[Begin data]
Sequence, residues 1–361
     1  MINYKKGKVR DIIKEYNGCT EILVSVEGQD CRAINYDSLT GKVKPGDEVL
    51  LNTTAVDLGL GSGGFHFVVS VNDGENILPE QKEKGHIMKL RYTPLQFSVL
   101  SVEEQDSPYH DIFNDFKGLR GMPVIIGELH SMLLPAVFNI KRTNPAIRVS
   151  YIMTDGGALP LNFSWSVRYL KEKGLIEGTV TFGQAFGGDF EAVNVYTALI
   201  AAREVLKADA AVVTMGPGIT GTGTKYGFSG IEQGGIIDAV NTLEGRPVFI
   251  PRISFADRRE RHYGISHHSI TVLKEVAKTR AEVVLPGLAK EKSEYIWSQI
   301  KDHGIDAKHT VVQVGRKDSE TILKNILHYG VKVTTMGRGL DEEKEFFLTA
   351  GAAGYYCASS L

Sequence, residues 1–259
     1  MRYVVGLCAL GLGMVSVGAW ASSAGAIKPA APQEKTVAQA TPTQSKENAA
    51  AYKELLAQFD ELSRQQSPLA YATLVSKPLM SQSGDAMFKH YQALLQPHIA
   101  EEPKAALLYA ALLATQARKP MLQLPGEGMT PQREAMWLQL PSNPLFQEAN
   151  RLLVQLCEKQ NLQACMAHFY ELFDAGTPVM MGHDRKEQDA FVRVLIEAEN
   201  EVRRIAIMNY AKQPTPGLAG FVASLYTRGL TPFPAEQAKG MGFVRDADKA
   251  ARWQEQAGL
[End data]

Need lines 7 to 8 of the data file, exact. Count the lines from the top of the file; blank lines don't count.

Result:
   251  PRISFADRRE RHYGISHHSI TVLKEVAKTR AEVVLPGLAK EKSEYIWSQI
   301  KDHGIDAKHT VVQVGRKDSE TILKNILHYG VKVTTMGRGL DEEKEFFLTA